[FFmpeg-user] mpegts metadata not set

Zak ffmpeg-user-email at m.allo.ws
Wed Jun 27 23:05:48 EEST 2018

On 2018-06-27 at 10:28 AM EDT, Christian Knoefel | Ilm-Provider wrote:
> Hello,
> i will remux an ts:
> ffmpeg -re -i rtmp://live.net/rtmp/live -vcodec mpeg2video -s 720x576 -r 
> 25 -flags cgop+ilme -sc_threshold 1000000000 -b:v 5M -minrate:v 5M 
> -maxrate:v 5M -bufsize:v 3.5M -acodec mp2 -ac 2 -b:a 192k -metadata 
> "service_provider=Some Provider" -metadata "service_name=Some Channel 
> Name" -f rtp_mpegts rtp://
> Stream mapping:
>    Stream #0:1 -> #0:0 (h264 (native) -> mpeg2video (native))
>    Stream #0:0 -> #0:1 (aac (native) -> mp2 (native))
> Press [q] to stop, [?] for help
> Output #0, rtp_mpegts, to 'rtp://':
>    Metadata:
>      service_provider: Some Provider
>      service_name    : Some Channel Name
>      encoder         : Lavf58.17.100
>      Stream #0:0: Video: mpeg2video (Main), yuv420p, 720x576 [SAR 64:45 
> DAR 16:9], q=2-31, 5000 kb/s, 25 fps, 90k tbn, 25 tbc
>      Metadata:
>        encoder         : Lavc58.20.103 mpeg2video
>      Side data:
>        cpb: bitrate max/min/avg: 5000000/5000000/5000000 buffer size: 
> 3500000 vbv_delay: -1
>      Stream #0:1: Audio: mp2, 48000 Hz, stereo, s16, 192 kb/s
>      Metadata:
>        encoder         : Lavc58.20.103 mp2
> wit ffplay looks like this:
> Input #0, rtp, from 'rtp://':   0KB sq=    0B f=0/0
>    Duration: N/A, start: 91.443144, bitrate: 5192 kb/s
>    Program 1
>      Metadata:
>        service_name    : Service01
>        service_provider: FFmpeg
>      Stream #0:1: Video: mpeg2video (Main) ([2][0][0][0] / 0x0002), 
> yuv420p(tv, bottom first), 720x576 [SAR 64:45 DAR 16:9], 5000 kb/s, 25 
> fps, 25 tbr, 90k tbn, 50 tbc
>      Stream #0:0: Audio: mp2 ([3][0][0][0] / 0x0003), 48000 Hz, stereo, 
> s16p, 192 kb/s
> Why metadate are not set?
> it is the newest 64bit windows build...
> thanks for your suggestion...
> Christian

Hello Christian,

I suspect the root problem is this:

1. When FFmpeg (the first call, for transcoding/remuxing), when FFmpeg 
creates the MPEG TS, where is it putting the "metadata"? The MPEG 
transport stream protocol is SUPER old, I would be surprised if there 
were less than a dozen ways to store metadata.

2. When FFplay tries to play back the MPEG TS stream, where is it 
reading the metadata? Quite likely not the same place. I have no idea.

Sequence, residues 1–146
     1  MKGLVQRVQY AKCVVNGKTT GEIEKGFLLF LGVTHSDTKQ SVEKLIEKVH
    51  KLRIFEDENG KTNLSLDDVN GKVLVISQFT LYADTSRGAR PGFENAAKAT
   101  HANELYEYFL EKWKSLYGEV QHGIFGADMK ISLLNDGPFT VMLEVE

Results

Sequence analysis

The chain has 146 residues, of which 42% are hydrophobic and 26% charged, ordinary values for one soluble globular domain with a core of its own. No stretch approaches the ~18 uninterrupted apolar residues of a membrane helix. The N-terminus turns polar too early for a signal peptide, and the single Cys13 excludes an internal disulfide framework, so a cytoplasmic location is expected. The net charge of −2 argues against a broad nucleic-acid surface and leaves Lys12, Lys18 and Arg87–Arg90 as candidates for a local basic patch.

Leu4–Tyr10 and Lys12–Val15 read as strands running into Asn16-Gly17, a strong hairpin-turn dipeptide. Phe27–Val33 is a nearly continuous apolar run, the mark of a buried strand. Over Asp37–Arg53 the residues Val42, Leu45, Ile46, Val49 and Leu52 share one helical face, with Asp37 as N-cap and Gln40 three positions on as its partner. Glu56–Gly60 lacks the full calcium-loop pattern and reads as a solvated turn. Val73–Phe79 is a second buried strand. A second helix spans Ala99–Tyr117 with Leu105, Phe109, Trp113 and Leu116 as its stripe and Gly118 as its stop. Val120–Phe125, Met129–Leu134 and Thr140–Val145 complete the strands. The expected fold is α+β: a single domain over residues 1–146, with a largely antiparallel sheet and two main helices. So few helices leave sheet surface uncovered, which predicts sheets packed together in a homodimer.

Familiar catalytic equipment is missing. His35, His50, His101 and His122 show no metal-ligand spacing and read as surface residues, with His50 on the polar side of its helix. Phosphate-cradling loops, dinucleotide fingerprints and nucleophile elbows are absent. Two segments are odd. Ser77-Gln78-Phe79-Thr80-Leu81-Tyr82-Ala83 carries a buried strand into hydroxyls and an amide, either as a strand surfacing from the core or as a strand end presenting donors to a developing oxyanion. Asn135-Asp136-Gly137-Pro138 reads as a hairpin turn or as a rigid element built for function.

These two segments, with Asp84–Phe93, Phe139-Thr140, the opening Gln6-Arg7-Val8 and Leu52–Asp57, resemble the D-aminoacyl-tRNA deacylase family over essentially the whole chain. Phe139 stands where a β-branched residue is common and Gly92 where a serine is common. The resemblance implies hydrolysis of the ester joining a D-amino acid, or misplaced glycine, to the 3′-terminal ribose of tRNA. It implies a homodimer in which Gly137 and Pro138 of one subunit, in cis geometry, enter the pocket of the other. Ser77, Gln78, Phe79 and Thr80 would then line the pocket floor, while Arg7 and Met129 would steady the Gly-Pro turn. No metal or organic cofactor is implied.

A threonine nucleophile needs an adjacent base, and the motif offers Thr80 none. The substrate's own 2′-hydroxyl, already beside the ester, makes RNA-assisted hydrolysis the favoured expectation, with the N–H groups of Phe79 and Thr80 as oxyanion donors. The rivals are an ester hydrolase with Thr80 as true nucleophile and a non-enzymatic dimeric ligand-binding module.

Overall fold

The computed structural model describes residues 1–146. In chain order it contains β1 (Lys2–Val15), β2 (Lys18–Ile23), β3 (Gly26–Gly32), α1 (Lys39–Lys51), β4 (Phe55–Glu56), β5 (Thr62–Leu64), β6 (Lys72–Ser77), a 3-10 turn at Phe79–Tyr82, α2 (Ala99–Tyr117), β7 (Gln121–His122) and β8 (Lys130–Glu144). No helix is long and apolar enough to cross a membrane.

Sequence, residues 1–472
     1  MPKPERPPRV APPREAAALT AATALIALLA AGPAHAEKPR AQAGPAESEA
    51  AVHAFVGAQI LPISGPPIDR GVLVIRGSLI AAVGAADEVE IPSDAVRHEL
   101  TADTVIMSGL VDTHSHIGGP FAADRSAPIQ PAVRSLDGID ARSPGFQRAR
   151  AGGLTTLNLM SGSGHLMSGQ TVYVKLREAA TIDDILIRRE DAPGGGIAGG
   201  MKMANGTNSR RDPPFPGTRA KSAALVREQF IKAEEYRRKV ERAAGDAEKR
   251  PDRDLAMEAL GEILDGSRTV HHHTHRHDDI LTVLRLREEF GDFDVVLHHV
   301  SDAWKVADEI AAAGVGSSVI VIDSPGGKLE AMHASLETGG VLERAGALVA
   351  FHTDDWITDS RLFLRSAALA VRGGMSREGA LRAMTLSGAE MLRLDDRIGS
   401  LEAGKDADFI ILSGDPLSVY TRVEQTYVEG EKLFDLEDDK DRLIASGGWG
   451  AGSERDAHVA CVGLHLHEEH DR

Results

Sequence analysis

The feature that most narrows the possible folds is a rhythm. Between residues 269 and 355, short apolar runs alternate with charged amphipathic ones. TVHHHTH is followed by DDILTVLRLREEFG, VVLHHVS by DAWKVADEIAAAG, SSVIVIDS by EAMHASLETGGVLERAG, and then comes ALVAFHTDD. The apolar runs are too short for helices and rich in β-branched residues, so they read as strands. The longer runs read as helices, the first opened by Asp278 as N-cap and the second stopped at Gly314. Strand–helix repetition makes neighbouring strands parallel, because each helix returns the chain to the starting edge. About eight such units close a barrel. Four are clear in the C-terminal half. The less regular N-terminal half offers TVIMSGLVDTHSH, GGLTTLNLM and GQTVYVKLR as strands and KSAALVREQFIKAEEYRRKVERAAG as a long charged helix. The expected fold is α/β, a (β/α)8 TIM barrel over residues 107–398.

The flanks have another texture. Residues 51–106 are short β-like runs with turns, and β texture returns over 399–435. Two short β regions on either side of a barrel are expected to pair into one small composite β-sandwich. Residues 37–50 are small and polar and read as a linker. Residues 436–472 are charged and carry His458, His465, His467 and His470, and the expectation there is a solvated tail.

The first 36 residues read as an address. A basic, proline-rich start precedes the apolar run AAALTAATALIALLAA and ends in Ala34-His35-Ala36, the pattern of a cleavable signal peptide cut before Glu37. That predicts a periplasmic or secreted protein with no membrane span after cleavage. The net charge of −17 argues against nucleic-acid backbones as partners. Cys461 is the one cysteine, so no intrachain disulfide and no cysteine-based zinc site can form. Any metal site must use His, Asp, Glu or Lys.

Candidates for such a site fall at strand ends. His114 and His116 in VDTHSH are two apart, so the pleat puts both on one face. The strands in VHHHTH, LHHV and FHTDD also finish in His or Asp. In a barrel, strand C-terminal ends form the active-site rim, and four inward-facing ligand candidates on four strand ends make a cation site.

Here are some suggestions:

1. Consider what application you actually want to use for playback, 
because they will support different types of metadata. VLC, for example, 
supports VERY LITTLE metadata, which annoys me at times. Even if VLC 
reads the format for the metadata, it will never show you certain keys, 
it only shows you a few of the keys. For instance, "Get Info" on VLC 
usually shows a key "Year" for streaming video, but I know the video has 
"original air date" (year, month, and day), "copyright date", and 
possibly other things. And then "Year" is "2018", and that's just not 
right. That was the encoding year, probably. FFprobe can actually be 
helpful determining what is going on with things like this if you have 
no idea (because I have no idea how metadata is stored in MPEG transport 

2. MAYBE try putting the -metadata arguments after the "-f rtp_mpegts" 
argument. Sometimes (often) the order of arguments matters in FFmpeg. I 
have no idea if that is the case here. Maybe it "processed" -metadata 
early, when it thought you were going to use a MKV file as the output, 
and it got that metadata all ready for a MKV file. Then it saw "-f 
rtp_mpegts" and it threw away the things that go in MKV but not in MPEG 
TS, and then re-generated some metadata for MPEG TS. This is a wild 
guess, I would try it. The order of arguments mostly matters when the 
arguments apply to specific streams (like audio versus video versus the 
audio commentary). You can specify streams with (colon)(digit), such as 
-c:v:2, but some arguments do not support that syntax (as far as I 
know), so you need to put the argument in the group with that whole 
stream, and the location tells it to go with "2".

3. Before somebody else asks, you might want to include the whole uncut 
console output, including the "banner" printed by FFmpeg and FFplay that 
says the configuration options when it was compiled, and so on. I 
suspect it is not going to be hugely relevant, but you never know. You 
did say it is the latest Windows build, but these Mailman archives will 
be around for a long time, and what if you think you are using the 
latest build because you installed it, but at the hour of typing the 
command, your PATH variable decided to use an older version of FFmpeg 
that was lying around somewhere on your hard drive? (There is a nice 
xkcd comic about having tons of versions of the Python interpreter on 
one machine, because computers get messy.)

Good luck,


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